investigating the nature of fact in the digital age

Bad grammar? Sorry, don’t believe you.

In Journalism practice on March 10, 2014 at 9:16 am

For some people the misuse of apostrophes by a business affects how they think about that business. (See here.)
Maybe I’m old school, but badly edited content – poorly written copy, copy with obvious mistakes in it – affects how much I trust a news source.
The screen grab below comes from the iPad edition of The Age‘s report on the series-deciding Third Test between Australia and South Africa. The game ended just before 3am Australian Eastern Standard Time (and what a thrilling finish it was), so the paper did well to get the report out to local readers in time for breakfast. Unfortunately, the need for speed overran attention to detail.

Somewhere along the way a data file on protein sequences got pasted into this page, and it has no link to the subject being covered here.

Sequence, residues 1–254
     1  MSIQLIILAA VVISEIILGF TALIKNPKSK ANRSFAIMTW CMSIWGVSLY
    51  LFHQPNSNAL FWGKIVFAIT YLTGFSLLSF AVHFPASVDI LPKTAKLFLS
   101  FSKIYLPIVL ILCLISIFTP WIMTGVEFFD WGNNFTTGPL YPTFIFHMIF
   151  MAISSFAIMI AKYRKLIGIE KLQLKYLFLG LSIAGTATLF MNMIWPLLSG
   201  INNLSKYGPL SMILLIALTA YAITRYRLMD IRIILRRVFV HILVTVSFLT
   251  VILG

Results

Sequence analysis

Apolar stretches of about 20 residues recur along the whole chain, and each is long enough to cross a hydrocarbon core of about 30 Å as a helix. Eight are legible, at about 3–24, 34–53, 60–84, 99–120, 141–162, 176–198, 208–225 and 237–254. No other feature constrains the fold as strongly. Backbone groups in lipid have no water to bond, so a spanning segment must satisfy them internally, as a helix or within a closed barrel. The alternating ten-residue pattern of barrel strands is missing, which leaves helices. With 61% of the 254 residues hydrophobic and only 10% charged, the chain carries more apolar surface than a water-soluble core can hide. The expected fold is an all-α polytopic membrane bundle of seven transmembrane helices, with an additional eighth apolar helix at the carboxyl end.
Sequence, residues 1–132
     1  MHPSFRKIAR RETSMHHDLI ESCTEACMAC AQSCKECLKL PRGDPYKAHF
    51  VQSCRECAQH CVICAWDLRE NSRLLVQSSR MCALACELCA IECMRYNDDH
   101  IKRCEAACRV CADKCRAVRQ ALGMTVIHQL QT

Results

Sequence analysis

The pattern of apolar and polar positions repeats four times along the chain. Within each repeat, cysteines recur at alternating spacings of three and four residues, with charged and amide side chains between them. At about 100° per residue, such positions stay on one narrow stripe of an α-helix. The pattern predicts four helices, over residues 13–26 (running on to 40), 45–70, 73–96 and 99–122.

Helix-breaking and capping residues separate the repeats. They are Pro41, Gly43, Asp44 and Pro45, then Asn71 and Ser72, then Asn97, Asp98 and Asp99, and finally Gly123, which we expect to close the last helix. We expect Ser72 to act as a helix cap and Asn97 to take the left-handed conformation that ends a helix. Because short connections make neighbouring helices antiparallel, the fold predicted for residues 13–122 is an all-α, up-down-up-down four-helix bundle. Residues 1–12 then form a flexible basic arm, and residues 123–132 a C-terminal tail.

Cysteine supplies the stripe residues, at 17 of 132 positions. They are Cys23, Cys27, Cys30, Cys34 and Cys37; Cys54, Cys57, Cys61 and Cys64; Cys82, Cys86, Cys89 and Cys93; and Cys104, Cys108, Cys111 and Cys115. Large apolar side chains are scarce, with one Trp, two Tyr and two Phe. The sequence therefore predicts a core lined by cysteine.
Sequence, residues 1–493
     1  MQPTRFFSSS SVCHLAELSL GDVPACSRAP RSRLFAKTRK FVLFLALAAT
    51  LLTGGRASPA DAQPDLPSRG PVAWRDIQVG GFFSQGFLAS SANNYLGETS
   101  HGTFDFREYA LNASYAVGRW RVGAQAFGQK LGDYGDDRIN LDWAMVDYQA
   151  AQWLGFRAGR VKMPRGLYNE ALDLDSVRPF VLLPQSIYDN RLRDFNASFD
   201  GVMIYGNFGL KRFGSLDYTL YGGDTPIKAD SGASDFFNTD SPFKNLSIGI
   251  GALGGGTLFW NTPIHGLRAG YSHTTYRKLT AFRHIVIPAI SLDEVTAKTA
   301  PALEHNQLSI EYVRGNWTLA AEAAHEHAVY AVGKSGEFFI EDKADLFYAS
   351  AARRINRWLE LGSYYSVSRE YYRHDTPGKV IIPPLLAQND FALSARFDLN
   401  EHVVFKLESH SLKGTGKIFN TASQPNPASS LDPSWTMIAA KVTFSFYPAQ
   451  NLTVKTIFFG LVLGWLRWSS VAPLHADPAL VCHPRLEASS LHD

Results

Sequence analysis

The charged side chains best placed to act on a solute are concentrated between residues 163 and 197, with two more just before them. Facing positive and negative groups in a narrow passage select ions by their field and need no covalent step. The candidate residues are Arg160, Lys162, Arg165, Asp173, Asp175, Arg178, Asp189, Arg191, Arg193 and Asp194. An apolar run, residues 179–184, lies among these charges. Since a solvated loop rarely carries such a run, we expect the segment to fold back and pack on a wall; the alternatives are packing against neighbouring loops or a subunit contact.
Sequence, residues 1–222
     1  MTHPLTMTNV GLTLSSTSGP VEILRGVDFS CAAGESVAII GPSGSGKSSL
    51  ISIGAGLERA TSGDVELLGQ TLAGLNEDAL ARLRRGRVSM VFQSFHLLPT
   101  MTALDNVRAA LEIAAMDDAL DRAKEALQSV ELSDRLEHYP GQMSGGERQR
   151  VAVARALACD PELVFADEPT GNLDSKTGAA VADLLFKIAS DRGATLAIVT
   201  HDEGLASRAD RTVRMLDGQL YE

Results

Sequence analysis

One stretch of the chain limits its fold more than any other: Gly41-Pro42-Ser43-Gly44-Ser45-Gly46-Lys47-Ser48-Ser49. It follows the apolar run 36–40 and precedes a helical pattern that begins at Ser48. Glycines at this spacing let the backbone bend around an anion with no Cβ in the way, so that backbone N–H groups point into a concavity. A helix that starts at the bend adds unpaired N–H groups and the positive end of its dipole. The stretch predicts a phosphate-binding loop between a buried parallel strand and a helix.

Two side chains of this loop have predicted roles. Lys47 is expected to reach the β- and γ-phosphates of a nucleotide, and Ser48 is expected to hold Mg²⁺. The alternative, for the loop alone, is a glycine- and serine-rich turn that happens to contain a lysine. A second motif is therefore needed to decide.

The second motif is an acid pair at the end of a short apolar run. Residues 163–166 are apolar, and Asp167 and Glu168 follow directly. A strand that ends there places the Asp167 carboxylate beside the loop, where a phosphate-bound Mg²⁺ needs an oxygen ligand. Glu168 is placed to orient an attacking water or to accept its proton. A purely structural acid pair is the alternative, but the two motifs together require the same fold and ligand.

This is an extreme example, but errors like these have become common even in reputable news outlets. Addiction to speed, cost-cutting production processes and a lack of care factor mean readers see mistakes made every day by organisations that want us to believe that their content can be trusted.
Do readers care? I do.

Speed of news should not come at the cost of accuracy or clarity.
Speed of news should not come at the cost of accuracy or clarity.

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